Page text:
The preparation of the soil is one of the biggest factors in growing healthy plants. They are heavy feeders and require a deeply prepared soil. The best soil is heavy loam, one which is not too heavy with clay nor too light with sand. Stiff yellow clay, a sour soil or an abundance of fresh manure in the soil hinder the proper growth of the roots and plant. The bed should be prepared very deeply, the soil is mixed with well-rotted cow manure. Each plant should be given a space 3 feet in diameter for its development. The soil should be retentive of moisture, yet well-drained, for the plants rot out if the ground is so low that the water will stand in pools around the plant during the Winter. The manure should not be mixed among the roots, but clean soil should be next to the roots and then the manure. The roots should be set in the soil so that the top eye is not more than 2 inches or 3 inches from the surface.
When the plants have finished blooming in the Summer, work must be begun to insure a good next year’s crop. Weeds should be kept down all during the Summer, for they rob the soil of its richness. The first Winter the roots are loose in the soil and will need a good coating of manure as a mulch applied after the ground is thoroughly frozen. This will prevent the roots from being heaved out of the ground, due to alternate freezing and thawing. The manure should not be allowed to remain about the plants in the Summer but worked into the soil. Diseases are spread by the presence of manure.
When once planted, Peonies should be left alone for a number of years, except for dividing and replanting, which should be done every eight or ten years. It has been said that Peonies fade and lose their colors so readily. The delicate pink varieties fade to white. This can be remedied by either cutting the stems when the bud is about to open or by erecting a cheesecloth screen over the plants. This prevents the hot sunlight from bleaching out the color.
Although Peonies are free from insects, they are very subject to pernicious bud rot. Many Peonies which do not seem able to mature their buds are affected with this disease. It can be prevented by avoiding manure about the crowns of the plants and by spraying weekly from the first signs of Spring until sometime in May. Bordeaux Mixture is the proper spray to use. Many Peonies have two, three or more buds to a single stem. If it is a single variety they should be left as they are because the spray effect of flowers produced is very attractive. But with the large double sorts, all except the largest center bud (terminal) should be removed. This disbudding throws all the strength and food into one flower, which is larger, finer and better in color. The buds should be removed when small.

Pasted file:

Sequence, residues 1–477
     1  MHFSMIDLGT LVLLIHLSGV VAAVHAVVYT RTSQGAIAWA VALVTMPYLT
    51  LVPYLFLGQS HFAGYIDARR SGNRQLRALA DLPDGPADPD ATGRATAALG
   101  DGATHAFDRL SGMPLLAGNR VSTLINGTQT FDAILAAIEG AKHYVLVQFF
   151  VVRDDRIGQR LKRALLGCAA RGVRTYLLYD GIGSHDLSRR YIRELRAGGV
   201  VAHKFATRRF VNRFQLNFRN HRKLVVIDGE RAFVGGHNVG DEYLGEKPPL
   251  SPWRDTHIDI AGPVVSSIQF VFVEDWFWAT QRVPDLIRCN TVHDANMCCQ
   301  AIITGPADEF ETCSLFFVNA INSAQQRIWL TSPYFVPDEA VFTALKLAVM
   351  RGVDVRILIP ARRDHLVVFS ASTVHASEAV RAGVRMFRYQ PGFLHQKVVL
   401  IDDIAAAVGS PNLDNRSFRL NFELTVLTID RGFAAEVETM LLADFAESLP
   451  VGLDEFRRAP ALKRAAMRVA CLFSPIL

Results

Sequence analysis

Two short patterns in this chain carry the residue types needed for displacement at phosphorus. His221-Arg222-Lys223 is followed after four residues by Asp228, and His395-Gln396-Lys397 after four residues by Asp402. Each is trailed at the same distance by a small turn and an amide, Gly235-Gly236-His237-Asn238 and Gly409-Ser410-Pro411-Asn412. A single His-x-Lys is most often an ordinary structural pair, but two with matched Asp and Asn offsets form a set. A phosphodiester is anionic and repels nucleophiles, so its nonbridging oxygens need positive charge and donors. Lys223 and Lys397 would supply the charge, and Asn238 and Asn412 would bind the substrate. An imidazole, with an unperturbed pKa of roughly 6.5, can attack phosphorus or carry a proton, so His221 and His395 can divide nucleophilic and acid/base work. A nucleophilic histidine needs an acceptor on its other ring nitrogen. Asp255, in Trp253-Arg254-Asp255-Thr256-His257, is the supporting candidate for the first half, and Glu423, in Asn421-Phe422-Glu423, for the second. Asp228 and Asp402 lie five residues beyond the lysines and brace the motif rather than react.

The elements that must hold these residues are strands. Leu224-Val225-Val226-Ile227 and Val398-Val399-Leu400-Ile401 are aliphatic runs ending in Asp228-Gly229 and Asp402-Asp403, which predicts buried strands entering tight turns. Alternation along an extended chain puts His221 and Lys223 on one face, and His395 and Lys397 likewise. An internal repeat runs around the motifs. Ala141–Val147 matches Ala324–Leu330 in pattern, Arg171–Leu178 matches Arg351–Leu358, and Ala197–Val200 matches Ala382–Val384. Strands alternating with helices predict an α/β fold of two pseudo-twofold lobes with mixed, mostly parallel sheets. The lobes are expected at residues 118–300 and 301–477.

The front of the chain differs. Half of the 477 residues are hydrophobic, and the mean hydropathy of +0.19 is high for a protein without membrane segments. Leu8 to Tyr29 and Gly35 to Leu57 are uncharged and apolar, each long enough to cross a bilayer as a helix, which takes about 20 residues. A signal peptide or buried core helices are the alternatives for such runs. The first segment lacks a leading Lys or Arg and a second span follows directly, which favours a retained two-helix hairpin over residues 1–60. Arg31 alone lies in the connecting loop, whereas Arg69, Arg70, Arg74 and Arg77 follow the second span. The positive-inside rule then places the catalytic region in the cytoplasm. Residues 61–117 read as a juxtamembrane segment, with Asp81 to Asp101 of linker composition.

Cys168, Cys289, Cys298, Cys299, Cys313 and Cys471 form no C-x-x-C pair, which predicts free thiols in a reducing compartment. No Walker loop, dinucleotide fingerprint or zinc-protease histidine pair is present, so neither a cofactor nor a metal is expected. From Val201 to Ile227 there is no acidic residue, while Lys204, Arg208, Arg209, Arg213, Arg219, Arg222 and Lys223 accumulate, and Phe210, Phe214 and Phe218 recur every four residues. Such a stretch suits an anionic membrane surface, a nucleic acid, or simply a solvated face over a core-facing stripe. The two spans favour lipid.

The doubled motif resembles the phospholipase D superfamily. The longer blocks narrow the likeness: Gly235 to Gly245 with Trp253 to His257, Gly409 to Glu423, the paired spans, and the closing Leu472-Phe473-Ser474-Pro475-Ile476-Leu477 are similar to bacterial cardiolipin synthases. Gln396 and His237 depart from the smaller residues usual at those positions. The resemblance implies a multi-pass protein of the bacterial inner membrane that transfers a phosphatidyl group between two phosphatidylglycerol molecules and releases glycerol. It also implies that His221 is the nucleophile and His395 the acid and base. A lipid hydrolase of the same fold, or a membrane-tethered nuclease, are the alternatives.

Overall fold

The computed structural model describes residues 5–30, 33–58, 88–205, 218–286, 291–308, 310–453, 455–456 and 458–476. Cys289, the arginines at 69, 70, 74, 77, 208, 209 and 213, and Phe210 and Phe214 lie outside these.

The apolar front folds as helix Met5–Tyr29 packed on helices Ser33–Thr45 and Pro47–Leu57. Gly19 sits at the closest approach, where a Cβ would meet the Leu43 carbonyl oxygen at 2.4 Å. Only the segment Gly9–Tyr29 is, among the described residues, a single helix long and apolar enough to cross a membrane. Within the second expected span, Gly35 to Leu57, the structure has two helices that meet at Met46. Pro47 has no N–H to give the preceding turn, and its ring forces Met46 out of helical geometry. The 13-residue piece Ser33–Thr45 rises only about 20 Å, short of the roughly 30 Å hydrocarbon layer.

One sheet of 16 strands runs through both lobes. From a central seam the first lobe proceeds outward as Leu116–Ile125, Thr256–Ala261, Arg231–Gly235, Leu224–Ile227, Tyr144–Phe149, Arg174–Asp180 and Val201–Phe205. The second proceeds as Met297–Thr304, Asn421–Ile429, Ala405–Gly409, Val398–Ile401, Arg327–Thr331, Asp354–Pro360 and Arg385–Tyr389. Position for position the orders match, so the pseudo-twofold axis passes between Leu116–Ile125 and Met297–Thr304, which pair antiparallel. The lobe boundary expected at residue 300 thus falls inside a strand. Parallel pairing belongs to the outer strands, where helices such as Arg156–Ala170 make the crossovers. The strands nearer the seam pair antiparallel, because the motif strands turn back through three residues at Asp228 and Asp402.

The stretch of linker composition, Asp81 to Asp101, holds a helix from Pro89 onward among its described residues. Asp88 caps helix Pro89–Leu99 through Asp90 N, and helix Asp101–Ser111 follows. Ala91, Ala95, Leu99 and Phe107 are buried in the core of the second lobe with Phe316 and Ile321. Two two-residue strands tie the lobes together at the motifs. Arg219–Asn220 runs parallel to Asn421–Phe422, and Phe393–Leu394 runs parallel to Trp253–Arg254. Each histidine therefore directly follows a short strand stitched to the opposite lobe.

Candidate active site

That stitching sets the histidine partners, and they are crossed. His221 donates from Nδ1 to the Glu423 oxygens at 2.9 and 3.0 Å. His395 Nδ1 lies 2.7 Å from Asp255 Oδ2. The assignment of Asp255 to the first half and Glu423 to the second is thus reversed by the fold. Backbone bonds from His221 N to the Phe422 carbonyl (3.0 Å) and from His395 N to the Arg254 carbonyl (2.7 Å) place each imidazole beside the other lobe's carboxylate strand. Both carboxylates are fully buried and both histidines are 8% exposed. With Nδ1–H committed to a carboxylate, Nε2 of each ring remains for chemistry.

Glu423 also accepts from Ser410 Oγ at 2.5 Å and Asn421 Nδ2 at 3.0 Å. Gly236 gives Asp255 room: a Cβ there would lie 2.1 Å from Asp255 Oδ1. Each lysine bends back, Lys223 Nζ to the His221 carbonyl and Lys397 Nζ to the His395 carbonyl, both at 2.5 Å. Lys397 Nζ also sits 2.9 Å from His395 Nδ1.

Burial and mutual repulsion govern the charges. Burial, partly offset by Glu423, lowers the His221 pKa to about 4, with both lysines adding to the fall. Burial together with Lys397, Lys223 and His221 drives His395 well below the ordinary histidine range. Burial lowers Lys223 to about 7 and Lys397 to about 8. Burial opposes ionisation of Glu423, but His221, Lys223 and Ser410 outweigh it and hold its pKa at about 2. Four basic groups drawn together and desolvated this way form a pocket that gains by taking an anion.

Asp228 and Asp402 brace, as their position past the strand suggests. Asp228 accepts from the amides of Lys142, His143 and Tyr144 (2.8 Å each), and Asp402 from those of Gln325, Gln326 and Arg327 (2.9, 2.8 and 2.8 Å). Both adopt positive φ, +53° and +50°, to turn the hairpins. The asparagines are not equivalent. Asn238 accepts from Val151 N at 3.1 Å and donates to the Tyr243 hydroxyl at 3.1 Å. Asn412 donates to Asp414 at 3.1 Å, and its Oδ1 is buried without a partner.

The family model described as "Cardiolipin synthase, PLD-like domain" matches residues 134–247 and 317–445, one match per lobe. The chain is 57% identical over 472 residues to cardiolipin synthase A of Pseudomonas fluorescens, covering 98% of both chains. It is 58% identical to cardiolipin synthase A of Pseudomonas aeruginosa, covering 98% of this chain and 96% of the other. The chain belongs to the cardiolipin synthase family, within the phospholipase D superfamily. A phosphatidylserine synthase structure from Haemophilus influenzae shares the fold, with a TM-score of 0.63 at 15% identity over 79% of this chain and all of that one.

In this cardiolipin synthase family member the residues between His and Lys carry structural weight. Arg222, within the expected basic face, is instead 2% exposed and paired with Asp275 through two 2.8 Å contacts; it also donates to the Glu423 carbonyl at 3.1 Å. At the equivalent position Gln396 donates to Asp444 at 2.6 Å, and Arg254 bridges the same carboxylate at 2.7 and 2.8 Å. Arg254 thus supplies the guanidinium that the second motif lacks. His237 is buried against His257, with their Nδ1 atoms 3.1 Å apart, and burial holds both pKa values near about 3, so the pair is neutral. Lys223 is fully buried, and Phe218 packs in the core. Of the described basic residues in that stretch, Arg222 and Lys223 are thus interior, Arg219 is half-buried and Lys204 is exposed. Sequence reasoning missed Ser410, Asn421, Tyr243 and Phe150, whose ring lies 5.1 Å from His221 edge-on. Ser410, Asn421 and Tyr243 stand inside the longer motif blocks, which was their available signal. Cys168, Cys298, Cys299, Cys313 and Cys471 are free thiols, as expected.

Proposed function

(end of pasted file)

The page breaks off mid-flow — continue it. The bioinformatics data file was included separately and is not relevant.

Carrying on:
How to propagate Peonies
Peonies are usually propagated by division of the clumps, but it is a slow process, taking from three to five years for characteristic blooms to appear. The tubers or roots resemble those of Rhubarb. The best time to divide them is during September or October. However, they may be divided and transplanted any time from the middle of August until the ground freezes in the Fall. If the plants are well established, they will improve every year. Peonies may be propagated by seeds which are sown as soon as they are ripe in cold frames where they should be kept for a year before transplanting. The seed should never be allowed to become thoroughly dry, for when once thoroughly dried it may take two years or longer for the seeds to germinate. The first blooms are never typical of the plants; it takes from four to eight years to produce characteristic blooms. One must remember that growing Peonies from seed is interesting, not practical
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Recently, I heard over the tv that peonies sometimes needs watering with a mixture of Epsom salt with water to change the color of the flower. I need to know how to make the mixture so as not to harm the plant. Please advise how to mix this.
This post makes me want to run to the nursery and buy a peony plant tomorrow!! I have always loved peonies but have not been settled long enough in any place to plant one. Now in my permanent place, the soil is mostly clay at a depth of just 3-4 inches below the surface. Would I have any luck with successfully planting one?
I live quite close to the river in surrey. I’ve tried to plant Peonies before but had not luck. I wasn’t sure if it was the watering of the fact it was 1.5 meter away from a tree. I hope this blog helps. Am going to attempt it again with this new knowledge.